On the morning of April 24, President Tsai Ing-wen met with a delegation led by Virginia Governor Glenn Youngkin. President Tsai welcomed Virginia to establish a trade office in Taiwan to further deepen our economic relations, and expressed hope that Taiwan and Virginia will further diversify our cooperation and continue to strengthen our joint efforts in education and academia.
A translation of President Tsai's remarks follows:
I would like to welcome Governor Youngkin and his delegation to Taiwan. I know you have a packed schedule during your two-day visit, and now, just a few hours after landing at 5 a.m. today, you are already here at the Presidential Office. I want to thank you all for supporting Taiwan and recognizing its importance. On behalf of the people of Taiwan, I sincerely welcome you.
Earlier this month, I completed a visit to Taiwan's diplomatic allies Guatemala and Belize, with transits in the United States. I am very happy to continue to receive good friends from the US so soon after returning from this visit. Taiwan has enjoyed sister-state relations with Virginia for 42 years. That Governor Youngkin has chosen Taiwan as the destination for his first overseas trip since taking office is especially significant.
I want to take this opportunity to thank Virginia for its support of Taiwan. In February, the Virginia General Assembly's lower house passed a resolution, with full bipartisan support, in favor of Taiwan's international participation. In the same month, both the House of Delegates and the Senate of Virginia unanimously passed a proposal to conduct an analysis into establishing a trade office in Taiwan, which Governor Youngkin has already signed into effect.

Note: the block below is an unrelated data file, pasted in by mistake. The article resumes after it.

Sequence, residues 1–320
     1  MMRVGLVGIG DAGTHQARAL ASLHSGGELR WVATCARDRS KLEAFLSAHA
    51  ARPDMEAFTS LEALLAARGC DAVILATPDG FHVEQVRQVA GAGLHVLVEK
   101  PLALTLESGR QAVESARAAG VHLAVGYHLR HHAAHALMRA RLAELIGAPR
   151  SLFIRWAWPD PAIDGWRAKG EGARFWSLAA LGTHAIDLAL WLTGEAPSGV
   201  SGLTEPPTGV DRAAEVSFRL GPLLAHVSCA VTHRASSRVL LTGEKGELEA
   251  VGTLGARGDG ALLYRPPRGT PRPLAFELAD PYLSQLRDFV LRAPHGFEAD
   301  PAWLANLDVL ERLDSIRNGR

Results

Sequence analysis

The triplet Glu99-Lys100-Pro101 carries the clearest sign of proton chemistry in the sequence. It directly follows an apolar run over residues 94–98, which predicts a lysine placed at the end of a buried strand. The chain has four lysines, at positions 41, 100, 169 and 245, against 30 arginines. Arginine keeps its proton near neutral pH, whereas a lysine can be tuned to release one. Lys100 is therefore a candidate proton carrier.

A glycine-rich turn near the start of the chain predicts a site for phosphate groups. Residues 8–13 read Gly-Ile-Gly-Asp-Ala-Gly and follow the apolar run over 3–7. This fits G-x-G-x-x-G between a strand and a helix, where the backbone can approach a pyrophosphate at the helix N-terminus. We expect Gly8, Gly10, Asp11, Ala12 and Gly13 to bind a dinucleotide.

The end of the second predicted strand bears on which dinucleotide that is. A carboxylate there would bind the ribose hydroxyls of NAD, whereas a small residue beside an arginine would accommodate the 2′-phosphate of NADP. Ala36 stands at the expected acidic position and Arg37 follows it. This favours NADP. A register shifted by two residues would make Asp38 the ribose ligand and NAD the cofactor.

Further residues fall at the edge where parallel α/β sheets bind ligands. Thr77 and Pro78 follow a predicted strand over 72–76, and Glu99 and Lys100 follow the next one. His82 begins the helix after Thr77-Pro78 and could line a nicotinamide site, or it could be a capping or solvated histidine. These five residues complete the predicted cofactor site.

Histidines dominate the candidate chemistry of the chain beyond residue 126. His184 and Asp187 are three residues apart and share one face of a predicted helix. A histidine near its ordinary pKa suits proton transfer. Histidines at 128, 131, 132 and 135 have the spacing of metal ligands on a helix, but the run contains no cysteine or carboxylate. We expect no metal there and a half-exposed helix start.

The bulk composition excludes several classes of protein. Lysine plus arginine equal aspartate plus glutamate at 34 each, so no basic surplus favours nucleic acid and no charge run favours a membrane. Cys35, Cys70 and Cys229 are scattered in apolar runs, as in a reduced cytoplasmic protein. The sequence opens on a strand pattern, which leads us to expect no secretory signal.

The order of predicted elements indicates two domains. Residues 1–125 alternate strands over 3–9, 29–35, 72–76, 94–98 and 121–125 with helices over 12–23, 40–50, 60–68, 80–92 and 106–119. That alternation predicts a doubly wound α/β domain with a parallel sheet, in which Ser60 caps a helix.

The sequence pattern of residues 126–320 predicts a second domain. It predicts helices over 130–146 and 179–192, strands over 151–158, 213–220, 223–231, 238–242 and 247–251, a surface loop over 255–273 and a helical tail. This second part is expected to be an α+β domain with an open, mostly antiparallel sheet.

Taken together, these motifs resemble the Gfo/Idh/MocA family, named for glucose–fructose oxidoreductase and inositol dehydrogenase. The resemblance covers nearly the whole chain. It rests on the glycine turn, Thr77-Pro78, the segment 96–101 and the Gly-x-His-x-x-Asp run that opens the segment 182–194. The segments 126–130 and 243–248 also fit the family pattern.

Last year, Taiwan was Virginia's fifth-largest source of imports from Asia and fourth-largest export market. We enthusiastically welcome Virginia to establish a trade office in Taiwan to further deepen our economic relations.
In addition, Taiwan has long enjoyed cooperation with Virginia in areas such as education and culture. Last August, we signed a second extension of our memorandum of understanding on cooperation in education. I believe that together we will realize even greater success in promoting Mandarin and English language education. There are many prestigious universities in Virginia, including the University of Virginia, Virginia Tech, and the Virginia Military Institute. Many outstanding graduates of these schools have become important assets across a wide range of sectors in Taiwan.
We hope that through your visit, Taiwan and Virginia will further diversify our collaboration, continue to strengthen our joint efforts in education and academia, and step up our industrial and technology cooperation. Once again, I welcome you all to Taiwan and wish you a successful visit.
Governor Youngkin then delivered remarks, thanking President Tsai for the warm welcome he and his delegation received upon arriving in Taiwan that morning. The governor also expressed gratitude for the Virginia-Taiwan partnership and for President Tsai's strong leadership, which he said is admired across the world. Noting that he has been to Taiwan previously, the governor stated that this is his first international trade mission trip as Virginia's governor, and said that he could not think of a better place to start than Taiwan.